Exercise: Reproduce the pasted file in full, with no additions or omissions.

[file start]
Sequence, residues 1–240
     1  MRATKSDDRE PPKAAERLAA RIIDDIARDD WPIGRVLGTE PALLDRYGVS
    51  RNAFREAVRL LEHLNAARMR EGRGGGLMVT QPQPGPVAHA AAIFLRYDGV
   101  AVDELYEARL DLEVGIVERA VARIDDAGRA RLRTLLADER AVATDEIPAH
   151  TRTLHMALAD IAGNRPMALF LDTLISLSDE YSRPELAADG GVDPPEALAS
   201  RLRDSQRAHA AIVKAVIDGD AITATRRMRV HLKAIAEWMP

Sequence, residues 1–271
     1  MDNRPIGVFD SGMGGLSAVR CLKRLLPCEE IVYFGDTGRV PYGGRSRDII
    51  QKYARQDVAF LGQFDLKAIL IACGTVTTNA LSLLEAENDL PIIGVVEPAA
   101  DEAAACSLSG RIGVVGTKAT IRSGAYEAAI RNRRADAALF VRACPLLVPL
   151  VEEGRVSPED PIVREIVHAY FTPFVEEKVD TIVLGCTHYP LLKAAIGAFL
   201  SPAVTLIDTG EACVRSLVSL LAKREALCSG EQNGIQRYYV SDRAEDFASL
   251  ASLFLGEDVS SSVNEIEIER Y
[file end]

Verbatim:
Sequence, residues 1–240
     1  MRATKSDDRE PPKAAERLAA RIIDDIARDD WPIGRVLGTE PALLDRYGVS
    51  RNAFREAVRL LEHLNAARMR EGRGGGLMVT QPQPGPVAHA AAIFLRYDGV
   101  AVDELYEARL DLEVGIVERA VARIDDAGRA RLRTLLADER AVATDEIPAH
   151  TRTLHMALAD IAGNRPMALF LDTLISLSDE YSRPELAADG GVDPPEALAS
   201  RLRDSQRAHA AIVKAVIDGD AITATRRMRV HLKAIAEWMP

Sequence, residues 1–271
     1  MDNRPIGVFD SGMGGLSAVR CLKRLLPCEE IVYFGDTGRV PYGGRSRDII
    51  QKYARQDVAF LGQFDLKAIL IACGTVTTNA LSLLEAENDL PIIGVVEPAA
   101  DEAAACSLSG RIGVVGTKAT IRSGAYEAAI RNRRADAALF VRACPLLVPL
   151  VEEGRVSPED PIVREIVHAY FTPFVEEKVD TIVLGCTHYP LLKAAIGAFL
   201  SPAVTLIDTG EACVRSLVSL LAKREALCSG EQNGIQRYYV SDRAEDFASL
   251  ASLFLGEDVS SSVNEIEIER Y